Founders Charles and Marie Lusco and their three daughters added the partitioned booths to their grocery to serve customers who largely came for Papa Lusco’s homemade brew. The advent of World War 2, the opening of several military bases in the area, and a train station directly across the street that disgorged hundreds of traveling GI’s, and Lusco’s reputation grew as soldiers returned home and mentioned this unique establishment. It’s reputation continued to grow with the flux of travelers and locals alike during the years of prosperity after the war, when cotton was king in the Delta, and planters and local businessmen entertained their guests at Lusco’s.
Presently being operated by the 4th generation of family members, very little has changed at Lusco’s.
We started with an off the menu appetizer, baked oysters wrapped in bacon, large juicy pearls of Gulf oysters served on the half-shell, followed by a half-order of Lusco’s Onion Rings which was too large to finish. Other favorite starters include seafood cocktails or broiled shrimp in Lusco’s special hot sauce.
The dozen or so salads, ranging from $3.50 to $8.95 have a decidedly Mediterranean bent – often adorned with anchovies, capers, and olives, with the top of the line offering including fresh lump crabmeat, bell pepper, celery, tomato and egg tossed in a special dressing. Add-ons are available for the salad – extra heaping portions of shrimp, crabmeat, lives, capers, or feta.
Entrees are “plain and simple:” steaks, seafood and chicken. Steaks are sold at market price because they are cut in-house, so one can request a variety of sizes to fit one’s appetite on the day in question. I opted for an 8 oz filet, which I ordered “bleu,” and it was prepared perfectly. At “market
price,” it came in at $25.00.
Entrees include a small salad, and choice of starch. Beef can be cut to serve two as well, a nice touch; a single porterhouse can weigh in as much as 28 ounces, if you’ve a mind to ingest all of that.
Fish offerings include fresh cat, snapper and pompano filets (it’s nice to see pompano on a menu these days), broiled only, specify having it served “wet or dry” (with or without Lusco’s fish sauce, a garlic-butter-seafood stock based accompaniment. Add their unique crabmeat topping for $4.25 more.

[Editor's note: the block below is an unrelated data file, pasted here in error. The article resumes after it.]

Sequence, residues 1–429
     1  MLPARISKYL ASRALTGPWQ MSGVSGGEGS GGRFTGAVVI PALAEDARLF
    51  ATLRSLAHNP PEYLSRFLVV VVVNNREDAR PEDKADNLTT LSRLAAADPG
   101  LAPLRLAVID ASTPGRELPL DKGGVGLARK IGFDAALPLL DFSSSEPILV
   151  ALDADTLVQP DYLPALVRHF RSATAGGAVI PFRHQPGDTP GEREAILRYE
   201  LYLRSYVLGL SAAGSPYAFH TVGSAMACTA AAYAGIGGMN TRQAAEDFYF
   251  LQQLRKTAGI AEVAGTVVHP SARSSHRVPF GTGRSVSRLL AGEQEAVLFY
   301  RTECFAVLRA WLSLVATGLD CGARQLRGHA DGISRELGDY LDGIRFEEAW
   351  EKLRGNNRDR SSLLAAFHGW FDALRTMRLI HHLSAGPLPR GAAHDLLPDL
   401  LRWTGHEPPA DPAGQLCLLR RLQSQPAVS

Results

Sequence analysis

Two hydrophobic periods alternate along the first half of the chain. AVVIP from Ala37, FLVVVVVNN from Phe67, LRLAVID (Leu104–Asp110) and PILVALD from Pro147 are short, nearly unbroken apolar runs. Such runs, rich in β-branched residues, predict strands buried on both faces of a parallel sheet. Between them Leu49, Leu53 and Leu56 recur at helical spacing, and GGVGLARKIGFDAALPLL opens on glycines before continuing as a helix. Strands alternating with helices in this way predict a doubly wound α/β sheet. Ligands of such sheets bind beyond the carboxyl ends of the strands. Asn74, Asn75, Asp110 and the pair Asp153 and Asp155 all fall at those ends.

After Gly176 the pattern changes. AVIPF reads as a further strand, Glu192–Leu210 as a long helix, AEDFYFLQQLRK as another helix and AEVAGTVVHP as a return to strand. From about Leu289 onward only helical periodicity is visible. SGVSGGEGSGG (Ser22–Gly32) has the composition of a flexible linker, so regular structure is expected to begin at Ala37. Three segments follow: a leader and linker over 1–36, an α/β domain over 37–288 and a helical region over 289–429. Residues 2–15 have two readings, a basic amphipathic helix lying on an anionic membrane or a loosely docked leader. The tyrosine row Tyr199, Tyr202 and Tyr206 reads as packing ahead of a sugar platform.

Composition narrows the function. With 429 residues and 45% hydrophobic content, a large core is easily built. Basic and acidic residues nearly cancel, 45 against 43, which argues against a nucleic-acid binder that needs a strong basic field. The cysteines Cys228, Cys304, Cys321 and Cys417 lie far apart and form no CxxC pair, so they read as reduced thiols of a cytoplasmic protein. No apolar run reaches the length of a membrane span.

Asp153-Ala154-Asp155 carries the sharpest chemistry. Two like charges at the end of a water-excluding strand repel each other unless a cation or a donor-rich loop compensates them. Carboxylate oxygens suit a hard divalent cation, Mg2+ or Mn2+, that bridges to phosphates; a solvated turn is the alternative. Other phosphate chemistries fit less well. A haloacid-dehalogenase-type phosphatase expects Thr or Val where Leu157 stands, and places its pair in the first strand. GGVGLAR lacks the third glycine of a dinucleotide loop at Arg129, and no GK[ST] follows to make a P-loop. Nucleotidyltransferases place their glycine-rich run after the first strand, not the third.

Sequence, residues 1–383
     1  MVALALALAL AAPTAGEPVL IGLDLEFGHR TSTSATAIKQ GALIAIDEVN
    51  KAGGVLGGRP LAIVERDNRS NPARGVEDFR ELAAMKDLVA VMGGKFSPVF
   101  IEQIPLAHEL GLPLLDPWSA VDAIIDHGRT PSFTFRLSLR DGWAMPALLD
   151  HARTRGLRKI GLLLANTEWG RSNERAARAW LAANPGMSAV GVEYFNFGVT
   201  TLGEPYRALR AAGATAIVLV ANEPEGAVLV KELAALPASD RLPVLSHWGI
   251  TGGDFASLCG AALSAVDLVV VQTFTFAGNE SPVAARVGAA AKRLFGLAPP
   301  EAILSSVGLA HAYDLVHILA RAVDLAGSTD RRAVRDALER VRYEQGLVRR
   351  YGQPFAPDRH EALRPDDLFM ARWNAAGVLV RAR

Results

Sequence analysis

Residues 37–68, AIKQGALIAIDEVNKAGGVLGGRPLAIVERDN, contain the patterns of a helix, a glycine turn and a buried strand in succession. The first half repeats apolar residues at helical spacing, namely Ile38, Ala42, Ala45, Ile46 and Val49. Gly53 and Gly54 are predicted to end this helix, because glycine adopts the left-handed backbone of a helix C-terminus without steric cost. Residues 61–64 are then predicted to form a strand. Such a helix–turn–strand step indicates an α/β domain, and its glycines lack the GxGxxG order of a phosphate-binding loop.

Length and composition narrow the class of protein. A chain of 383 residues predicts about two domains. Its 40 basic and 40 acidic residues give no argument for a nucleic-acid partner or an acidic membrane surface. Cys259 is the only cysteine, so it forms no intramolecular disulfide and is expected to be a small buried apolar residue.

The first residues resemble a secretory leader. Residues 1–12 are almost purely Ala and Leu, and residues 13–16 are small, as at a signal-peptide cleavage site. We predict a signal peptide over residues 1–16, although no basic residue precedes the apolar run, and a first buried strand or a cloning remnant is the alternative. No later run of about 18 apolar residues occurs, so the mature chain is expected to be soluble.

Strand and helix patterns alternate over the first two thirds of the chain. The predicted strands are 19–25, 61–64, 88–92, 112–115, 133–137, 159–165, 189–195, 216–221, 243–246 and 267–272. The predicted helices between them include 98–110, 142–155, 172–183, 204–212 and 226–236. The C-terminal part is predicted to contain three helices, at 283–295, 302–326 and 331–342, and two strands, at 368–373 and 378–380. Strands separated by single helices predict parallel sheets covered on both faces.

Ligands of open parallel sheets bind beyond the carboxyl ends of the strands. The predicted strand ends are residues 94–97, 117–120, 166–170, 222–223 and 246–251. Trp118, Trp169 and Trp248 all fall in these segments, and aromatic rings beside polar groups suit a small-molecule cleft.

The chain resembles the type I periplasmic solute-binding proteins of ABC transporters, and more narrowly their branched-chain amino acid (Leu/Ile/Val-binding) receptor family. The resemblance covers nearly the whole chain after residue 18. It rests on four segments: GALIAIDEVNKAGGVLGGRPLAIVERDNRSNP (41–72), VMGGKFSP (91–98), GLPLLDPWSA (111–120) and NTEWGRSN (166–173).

A variety of broiled shrimp and crabmeat offerings round out the mains, with a broiled or fried half chicken also available. One additional choice, handmade rigatoni with homemade red sauce completes the offerings, and is also the least expensive item on the menu at $8.25.
In addition to baked potatoes, rice, and fries, sides include two additional gravies: a plain mushroom, or a mushroom and garlic, for those who like that addition to beef dishes. I didn’t have room for dessert (I seem to never get to it), but Lusco’s offers some refreshing choices, including flan and a crème de menthe parfait, as well as the usual regional specialties.
Service is what you want it to be at Lusco’s, with the “buzzer/waiter” option. Ring and they come. Don’t ring, and they won’t bother you. You’re behind a curtain in a private booth, free to enjoy your meal and your company.
Lusco’s offers only soft drinks and beer for beverage choices. Set-ups and ice area available if you BYOB, which is encouraged. Corkage fee is:
How great is that?
Open nightly, Lusco’s is “off the beaten path” at 722 Carrollton Avenue, in the “old downtown” of Greenwood. Call them at 601-453-5365 to check on hours before heading up. Greenwood is approximately 4.5 hours up I-55, and a half hour west of the Interstate on US 82 West.